- Diagnosis and treatment of ankyloglossia: A narrative review and a report of three cases. [Case Reports]
- QIQuintessence Int 2016; 47(6):523-34
- CONCLUSIONS: Frenuloplasty is a safe, quick, effective, and economical method and for this reason the parents should not hesitate towards frenulum release. More clinical studies are needed to confirm the benefits of the surgical interventions and to compare the results with those obtained using nonsurgical therapy or with untreated cases.
- Modified Tubularized Incised Plate Urethroplasty Repair: Frenuloplasty and Long-Term Results in 155 Patients. [Journal Article]
- IJIndian J Surg 2015; 77(Suppl 2):212-5
- To describe a modification of tubularized incised plate (TIP) urethroplasty which we refer to as "frenuloplasty". We retrospectively reviewed 155 children who underwent TIP urethroplasty between June…
To describe a modification of tubularized incised plate (TIP) urethroplasty which we refer to as "frenuloplasty". We retrospectively reviewed 155 children who underwent TIP urethroplasty between June 2008 and August 2011 in our institution. In our technique, the circumcision incision went on through the mucocutaneous junction obliquely in order to form frenular wings instead of linear circumscribing incision joined the urethral plate vertically. The little triangle-shaped skin flaps between the oblique mucocutaneous incisions and urethral plate incisions were excised. The glans wings and frenular wings were re-approximated without tension after uretroplasty. The mean age of the patients was 4.63 ± 3.82 years. The mean follow-up was 15.94 ± 5.46 months. Location of hypospadias was distal penile in 126 patients (81.3 %) and mid-shaft in 29 (18.7 %). The following complications occurred in 21 patients (13.5 %): urethrocutaneous fistula formation in 7 (4.5 %), meatal stenosis in 14 (9 %) and no dehiscence. We suppose that there is no incompletely formed prepuce but a ventral fusion defect in the midline. Frenuloplasty reduces the necessity of ventral preputial flaps and provides satisfactory cosmetic outcomes with the appearence of normal circumcised penis.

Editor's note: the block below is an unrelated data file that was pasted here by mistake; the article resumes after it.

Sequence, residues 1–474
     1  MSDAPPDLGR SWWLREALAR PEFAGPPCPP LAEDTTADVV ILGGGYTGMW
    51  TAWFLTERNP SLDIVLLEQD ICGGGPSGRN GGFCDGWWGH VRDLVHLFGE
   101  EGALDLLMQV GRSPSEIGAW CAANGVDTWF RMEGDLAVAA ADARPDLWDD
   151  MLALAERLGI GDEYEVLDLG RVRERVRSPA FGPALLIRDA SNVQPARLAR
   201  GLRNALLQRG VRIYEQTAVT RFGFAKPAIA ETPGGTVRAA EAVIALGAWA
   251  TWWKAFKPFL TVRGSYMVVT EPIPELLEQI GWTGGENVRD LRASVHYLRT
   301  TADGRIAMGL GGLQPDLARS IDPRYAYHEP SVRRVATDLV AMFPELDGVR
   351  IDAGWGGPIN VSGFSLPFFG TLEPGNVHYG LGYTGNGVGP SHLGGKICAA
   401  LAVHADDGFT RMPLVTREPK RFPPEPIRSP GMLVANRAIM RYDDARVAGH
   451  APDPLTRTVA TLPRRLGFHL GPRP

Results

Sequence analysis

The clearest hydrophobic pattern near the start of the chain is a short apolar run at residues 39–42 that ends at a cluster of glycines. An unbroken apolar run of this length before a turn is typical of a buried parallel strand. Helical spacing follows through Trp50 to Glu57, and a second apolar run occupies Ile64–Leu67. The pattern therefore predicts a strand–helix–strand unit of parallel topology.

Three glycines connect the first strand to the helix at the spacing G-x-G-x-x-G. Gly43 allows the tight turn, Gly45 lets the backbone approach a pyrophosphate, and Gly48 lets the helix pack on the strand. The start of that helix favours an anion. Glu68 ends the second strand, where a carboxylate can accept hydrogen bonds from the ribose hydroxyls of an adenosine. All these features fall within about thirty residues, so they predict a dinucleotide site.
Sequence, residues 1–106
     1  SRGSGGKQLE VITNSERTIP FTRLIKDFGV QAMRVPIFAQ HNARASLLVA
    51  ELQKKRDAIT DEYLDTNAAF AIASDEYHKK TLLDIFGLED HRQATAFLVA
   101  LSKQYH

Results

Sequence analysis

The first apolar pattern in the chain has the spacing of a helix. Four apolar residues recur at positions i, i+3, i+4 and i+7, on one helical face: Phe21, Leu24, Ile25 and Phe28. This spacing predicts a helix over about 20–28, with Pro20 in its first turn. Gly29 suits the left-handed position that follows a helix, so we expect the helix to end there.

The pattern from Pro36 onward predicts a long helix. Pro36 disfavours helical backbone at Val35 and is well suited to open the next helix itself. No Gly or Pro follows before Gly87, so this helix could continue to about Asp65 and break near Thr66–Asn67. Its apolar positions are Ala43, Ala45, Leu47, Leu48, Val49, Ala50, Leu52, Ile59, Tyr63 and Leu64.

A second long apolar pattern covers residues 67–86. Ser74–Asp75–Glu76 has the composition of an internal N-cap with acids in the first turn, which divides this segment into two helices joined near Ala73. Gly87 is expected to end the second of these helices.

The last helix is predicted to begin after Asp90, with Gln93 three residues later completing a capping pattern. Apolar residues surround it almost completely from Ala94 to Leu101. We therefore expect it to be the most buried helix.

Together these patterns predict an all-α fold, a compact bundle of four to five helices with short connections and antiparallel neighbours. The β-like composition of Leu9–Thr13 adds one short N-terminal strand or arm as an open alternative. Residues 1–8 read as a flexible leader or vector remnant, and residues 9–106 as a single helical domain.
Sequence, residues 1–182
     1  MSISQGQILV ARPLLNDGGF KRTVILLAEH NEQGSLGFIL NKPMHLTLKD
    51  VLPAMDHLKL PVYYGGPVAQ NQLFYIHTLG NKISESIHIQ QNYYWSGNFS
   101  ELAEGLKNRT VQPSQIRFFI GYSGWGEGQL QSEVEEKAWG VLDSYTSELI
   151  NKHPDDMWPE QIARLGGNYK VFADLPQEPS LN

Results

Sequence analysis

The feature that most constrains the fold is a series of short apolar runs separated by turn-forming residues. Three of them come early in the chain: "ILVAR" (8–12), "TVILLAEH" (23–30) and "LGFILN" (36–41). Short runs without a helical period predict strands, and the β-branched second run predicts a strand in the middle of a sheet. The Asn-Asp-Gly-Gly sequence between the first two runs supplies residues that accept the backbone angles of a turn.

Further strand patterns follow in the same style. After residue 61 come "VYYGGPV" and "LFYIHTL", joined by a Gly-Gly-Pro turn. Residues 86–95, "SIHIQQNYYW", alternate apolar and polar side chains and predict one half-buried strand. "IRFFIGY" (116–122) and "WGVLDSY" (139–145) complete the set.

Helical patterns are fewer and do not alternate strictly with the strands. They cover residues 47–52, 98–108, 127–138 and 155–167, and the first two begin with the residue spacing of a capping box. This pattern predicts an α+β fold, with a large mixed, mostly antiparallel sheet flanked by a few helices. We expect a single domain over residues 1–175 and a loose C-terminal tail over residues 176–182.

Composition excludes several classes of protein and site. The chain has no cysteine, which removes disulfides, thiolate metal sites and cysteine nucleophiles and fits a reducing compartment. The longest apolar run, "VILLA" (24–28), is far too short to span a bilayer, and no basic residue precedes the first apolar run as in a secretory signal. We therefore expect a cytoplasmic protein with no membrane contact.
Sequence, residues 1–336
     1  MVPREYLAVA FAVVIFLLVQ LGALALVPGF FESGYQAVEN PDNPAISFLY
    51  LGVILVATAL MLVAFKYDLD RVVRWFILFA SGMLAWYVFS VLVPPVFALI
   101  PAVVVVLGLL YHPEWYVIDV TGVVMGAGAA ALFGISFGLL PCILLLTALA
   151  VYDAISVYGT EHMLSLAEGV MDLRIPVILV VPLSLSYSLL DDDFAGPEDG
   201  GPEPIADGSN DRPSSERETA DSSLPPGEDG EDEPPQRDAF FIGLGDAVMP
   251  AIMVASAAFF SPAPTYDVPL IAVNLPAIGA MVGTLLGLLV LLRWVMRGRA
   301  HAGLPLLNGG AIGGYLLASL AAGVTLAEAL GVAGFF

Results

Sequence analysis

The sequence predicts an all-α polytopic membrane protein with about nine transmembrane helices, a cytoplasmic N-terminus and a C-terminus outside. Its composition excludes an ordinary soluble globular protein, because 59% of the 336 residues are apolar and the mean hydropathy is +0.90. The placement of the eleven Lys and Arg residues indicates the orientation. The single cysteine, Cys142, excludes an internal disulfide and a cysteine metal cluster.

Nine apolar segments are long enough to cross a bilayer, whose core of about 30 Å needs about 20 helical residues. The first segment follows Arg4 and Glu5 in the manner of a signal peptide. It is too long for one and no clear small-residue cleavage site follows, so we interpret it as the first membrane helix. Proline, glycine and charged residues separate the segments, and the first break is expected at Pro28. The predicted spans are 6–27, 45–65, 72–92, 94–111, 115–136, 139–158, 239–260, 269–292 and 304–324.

- Treatment of ankyloglossia for reasons other than breastfeeding: a systematic review. [Review]
- PedPediatrics 2015; 135(6):e1467-74
- CONCLUSIONS: Data are currently insufficient for assessing the effects of frenotomy on nonbreastfeeding outcomes that may be associated with ankyloglossia.
- Tongue-tie Repair: Z-Plasty Vs Simple Release. [Journal Article]
- IJIran J Otorhinolaryngol 2015; 27(79):127-35
- CONCLUSIONS: Z-plasty is the preferred surgical method to address tongue-tie due to a greater improvement in mother's breast pain, pronunciation and speech, tongue movement, and parental satisfaction.
- Surgical speech disorders. [Review]
- FPFacial Plast Surg Clin North Am 2014; 22(4):593-609
- Most speech disorders of childhood are treated with speech therapy. However, two conditions, ankyloglossia and velopharyngeal dysfunction, may be amenable to surgical intervention. It is important fo…
Most speech disorders of childhood are treated with speech therapy. However, two conditions, ankyloglossia and velopharyngeal dysfunction, may be amenable to surgical intervention. It is important for surgeons to work with experienced speech language pathologists to diagnose the speech disorder. Children with articulation disorders related to ankyloglossia may benefit from frenuloplasty. Children with velopharyngeal dysfunction should have standardized clinical evaluation and instrumental asseessment of velopharyngeal function. Surgeons should develop a treatment protocol to optimize speech outcomes while minimizing morbidity.
New Search Next
- Effectiveness of tongue-tie division for speech disorder in children. [Journal Article]
- PIPediatr Int 2015; 57(2):222-6
- CONCLUSIONS: Substitution and omission improved relatively early after tongue-tie division and progressed to distortion, which is a less-impaired form of articulation disorder. Thus, distortion required more time for improvement and remained a defective speaking habit in some patients.